While some newer drills have a transmission lock that holds the chuck stationary for one-handed bit changes, the 18-volt Ridgid does not — bit changes require two hands. The author found the small knurls on the chuck less comfortable than other designs.
The reciprocating saw feels heavy and solid and has a nice blade-change mechanism. The flip-up lever is a vast improvement over the old-fashioned pinch bolt on my corded recip saw. Unfortunately, the shoe adjustment doesn't work as well: Two bolts hold it in place, and it requires a hex wrench.
A small lever unlocks the blade clamp for easy changes. Blades can be installed upside down and even when the clamp is at the top of its stroke.
A variable-speed trigger controls the speed from 0 to 2,500 strokes per minute, but it doesn't have a dial or lock to keep the speed constant. Although the saw vibrated more than the corded saws I've used, it has excellent power, easily cutting plywood sheathing, rough framing, 1/8-inch metal bar stock, and PVC drainpipe.
Starting with a fresh battery, I made a series of crosscuts in a 2x3 stud to test run time. I managed 53 cuts before the battery was dead. Even though I let the saw stop between cuts, it essentially ran continuously for about 12 minutes. My only complaints with this tool are the antiquated shoe adjustment and the safety lock above the trigger. While I'm sure the safety switch is a good idea, it requires too much contortion to start the saw.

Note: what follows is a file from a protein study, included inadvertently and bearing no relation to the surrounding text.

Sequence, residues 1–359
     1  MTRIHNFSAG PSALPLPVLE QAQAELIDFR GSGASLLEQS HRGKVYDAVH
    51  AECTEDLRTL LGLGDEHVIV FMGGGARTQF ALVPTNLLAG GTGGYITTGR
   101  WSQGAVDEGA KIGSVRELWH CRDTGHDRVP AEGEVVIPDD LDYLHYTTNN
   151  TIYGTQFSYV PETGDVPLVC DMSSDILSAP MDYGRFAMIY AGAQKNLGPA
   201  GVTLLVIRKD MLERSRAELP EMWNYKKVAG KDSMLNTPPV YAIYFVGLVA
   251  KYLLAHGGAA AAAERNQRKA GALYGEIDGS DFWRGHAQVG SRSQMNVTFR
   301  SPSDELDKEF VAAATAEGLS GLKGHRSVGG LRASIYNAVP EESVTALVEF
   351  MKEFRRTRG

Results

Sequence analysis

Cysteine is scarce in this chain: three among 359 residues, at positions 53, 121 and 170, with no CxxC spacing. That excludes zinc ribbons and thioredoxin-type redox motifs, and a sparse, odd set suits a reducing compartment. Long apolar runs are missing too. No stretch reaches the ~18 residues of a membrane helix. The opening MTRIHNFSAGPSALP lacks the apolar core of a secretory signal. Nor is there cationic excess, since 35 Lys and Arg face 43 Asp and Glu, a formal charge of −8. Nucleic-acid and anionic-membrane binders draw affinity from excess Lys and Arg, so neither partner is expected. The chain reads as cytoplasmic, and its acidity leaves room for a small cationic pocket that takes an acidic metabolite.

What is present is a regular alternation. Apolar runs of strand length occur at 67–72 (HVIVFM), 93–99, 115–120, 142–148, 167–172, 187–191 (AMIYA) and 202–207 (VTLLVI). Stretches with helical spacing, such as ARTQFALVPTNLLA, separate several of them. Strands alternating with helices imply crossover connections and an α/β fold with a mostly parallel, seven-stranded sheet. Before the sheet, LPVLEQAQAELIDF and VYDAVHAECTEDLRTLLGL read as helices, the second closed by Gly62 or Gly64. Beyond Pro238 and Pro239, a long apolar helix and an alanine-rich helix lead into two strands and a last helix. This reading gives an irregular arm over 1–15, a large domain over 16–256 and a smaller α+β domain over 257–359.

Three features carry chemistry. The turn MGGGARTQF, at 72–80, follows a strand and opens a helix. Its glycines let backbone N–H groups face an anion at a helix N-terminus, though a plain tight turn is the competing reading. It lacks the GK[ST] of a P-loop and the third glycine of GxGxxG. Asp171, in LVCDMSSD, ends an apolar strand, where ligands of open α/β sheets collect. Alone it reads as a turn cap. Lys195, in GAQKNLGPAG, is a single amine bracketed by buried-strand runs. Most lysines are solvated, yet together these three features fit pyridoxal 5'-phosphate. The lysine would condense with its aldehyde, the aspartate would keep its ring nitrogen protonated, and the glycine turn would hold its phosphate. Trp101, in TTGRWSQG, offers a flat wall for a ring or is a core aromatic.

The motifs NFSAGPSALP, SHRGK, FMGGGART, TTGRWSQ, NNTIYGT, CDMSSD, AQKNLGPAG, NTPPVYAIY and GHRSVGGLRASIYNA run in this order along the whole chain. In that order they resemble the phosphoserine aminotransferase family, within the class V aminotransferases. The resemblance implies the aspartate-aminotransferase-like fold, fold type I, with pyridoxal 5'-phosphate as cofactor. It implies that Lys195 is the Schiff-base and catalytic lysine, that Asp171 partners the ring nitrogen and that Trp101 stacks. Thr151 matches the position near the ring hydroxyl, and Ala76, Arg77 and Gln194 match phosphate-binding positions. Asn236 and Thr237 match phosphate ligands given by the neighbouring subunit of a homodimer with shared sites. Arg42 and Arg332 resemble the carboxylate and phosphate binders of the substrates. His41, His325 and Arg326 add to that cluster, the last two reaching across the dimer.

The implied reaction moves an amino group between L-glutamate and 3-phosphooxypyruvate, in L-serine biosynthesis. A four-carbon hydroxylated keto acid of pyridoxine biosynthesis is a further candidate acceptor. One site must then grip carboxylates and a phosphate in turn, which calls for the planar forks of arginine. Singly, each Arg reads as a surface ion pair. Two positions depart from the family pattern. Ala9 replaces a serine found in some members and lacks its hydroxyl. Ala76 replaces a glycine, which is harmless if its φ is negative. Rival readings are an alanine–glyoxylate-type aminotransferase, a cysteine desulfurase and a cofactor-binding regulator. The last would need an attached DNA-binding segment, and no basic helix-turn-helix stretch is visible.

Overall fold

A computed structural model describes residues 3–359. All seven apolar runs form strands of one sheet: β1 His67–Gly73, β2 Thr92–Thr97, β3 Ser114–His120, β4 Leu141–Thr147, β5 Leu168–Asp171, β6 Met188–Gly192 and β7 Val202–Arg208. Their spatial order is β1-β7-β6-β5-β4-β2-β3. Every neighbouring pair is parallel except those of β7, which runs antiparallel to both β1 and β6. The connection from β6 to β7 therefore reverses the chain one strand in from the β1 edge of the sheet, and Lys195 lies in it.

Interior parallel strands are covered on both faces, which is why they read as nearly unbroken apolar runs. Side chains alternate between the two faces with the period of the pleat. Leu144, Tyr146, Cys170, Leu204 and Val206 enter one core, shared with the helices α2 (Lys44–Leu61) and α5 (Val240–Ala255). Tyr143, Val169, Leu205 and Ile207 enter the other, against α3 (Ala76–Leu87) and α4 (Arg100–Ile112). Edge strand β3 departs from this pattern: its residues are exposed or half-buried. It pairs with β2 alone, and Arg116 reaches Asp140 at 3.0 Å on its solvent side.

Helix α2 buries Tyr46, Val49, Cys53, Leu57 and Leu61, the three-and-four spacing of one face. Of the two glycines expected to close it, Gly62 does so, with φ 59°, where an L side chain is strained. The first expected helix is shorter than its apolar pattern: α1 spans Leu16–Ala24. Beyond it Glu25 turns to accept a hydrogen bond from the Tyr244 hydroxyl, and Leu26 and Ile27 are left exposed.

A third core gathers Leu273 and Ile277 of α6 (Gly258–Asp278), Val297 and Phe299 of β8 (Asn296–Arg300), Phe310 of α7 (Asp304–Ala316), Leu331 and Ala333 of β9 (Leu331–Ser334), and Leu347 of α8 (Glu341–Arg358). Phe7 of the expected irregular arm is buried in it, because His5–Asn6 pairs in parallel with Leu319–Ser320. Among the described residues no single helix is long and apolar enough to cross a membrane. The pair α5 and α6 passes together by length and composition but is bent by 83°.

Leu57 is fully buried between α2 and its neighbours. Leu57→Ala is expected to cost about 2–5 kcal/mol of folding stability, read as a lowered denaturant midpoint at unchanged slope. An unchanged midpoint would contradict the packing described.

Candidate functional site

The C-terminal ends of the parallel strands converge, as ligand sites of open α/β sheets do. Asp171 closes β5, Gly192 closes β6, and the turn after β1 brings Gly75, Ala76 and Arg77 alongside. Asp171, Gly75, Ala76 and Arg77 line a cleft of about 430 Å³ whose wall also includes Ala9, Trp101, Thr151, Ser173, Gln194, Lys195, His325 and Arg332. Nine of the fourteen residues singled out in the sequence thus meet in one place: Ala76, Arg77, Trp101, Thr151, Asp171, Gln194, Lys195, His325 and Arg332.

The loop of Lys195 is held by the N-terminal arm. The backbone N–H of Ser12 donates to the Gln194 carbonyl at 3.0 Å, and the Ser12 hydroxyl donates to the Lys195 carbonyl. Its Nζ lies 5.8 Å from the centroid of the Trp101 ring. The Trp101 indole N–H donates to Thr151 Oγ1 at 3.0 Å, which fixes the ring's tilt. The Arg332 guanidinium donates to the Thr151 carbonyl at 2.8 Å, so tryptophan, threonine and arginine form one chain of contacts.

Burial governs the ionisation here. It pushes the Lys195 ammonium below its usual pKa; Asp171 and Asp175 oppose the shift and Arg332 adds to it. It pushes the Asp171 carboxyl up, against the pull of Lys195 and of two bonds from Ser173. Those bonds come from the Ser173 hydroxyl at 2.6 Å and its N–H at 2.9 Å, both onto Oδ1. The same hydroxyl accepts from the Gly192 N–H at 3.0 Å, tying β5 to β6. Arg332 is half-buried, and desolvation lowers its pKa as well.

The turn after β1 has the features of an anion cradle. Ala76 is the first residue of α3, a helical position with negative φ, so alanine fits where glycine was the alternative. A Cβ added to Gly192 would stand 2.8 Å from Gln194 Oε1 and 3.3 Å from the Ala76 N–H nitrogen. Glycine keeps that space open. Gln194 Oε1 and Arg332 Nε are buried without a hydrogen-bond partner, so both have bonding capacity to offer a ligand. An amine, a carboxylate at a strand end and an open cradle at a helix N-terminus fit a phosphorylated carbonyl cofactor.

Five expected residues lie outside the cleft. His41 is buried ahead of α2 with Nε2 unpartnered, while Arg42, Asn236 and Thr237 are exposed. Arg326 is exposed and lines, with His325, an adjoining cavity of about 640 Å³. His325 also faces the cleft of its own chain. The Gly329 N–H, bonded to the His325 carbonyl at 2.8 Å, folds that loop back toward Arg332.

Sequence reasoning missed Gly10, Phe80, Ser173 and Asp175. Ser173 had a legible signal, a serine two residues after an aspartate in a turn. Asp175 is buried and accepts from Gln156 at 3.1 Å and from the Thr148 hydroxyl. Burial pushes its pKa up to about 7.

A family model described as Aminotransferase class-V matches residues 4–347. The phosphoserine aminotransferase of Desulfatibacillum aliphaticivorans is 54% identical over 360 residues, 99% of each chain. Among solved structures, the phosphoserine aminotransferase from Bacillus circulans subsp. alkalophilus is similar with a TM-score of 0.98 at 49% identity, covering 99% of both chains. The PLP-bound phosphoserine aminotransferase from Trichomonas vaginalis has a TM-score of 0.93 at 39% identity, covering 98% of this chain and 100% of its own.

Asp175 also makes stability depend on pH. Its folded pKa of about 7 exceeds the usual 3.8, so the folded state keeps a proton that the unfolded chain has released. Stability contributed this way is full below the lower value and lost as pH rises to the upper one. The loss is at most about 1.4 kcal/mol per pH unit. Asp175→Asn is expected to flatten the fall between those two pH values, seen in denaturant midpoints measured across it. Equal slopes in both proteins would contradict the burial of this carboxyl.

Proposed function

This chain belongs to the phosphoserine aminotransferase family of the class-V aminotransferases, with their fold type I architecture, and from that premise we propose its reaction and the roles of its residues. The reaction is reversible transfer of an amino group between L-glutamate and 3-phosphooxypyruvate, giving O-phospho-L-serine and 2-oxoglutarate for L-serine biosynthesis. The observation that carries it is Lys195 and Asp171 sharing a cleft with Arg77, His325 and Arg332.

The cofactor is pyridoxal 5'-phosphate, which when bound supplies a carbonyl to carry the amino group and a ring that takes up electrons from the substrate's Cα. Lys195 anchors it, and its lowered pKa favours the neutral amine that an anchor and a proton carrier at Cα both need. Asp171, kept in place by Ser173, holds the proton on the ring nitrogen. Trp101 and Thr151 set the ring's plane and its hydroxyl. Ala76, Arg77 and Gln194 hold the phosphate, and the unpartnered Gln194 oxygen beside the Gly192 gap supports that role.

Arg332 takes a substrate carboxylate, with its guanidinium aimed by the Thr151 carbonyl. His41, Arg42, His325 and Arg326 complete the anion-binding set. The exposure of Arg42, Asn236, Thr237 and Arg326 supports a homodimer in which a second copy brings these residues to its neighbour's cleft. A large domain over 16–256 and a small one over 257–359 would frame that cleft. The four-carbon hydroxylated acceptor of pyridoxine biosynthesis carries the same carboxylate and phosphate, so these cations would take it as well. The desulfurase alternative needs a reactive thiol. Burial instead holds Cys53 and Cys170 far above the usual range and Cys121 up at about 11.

I've never owned a cordless circ saw, so at first I was a little skeptical about its capabilities, but I was surprised at how well it performs. It won't replace your corded saw, but it's handy for small jobs or where power is tough to come by. The 6 1/2-inch blade bevels to 50 degrees and has a 2 1/8-inch depth of cut. It crosscuts 2x framing material well, although it tends to bog down or stop if it's pushed too hard when ripping. I also tried crosscutting some rough 8/4 Douglas fir and 4/4 maple. The saw cut those materials easily.
To test run time, I made continuous crosscuts in a kiln-dried spruce 2x3 using a freshly charged battery. I was able to do 55 cuts, but the saw slowed noticeably after about 40. With a fresh charge, I was able to rip another 2x3 about 20 feet before the battery gave out.
At 12 inches long, the heavy-duty aluminum shoe is stable, and bevel settings are easy to read. The circular saw, like the reciprocating saw, has a safety switch above the trigger that must be depressed before starting the saw.
The flashlight that rounds out the kit has a lantern-style handle and an easy-to-use trigger-type switch. It's well balanced, and the xenon bulb is bright and effective. I was pleasantly surprised to find that a fully charged pack would keep it burning for about 3 1/2 hours.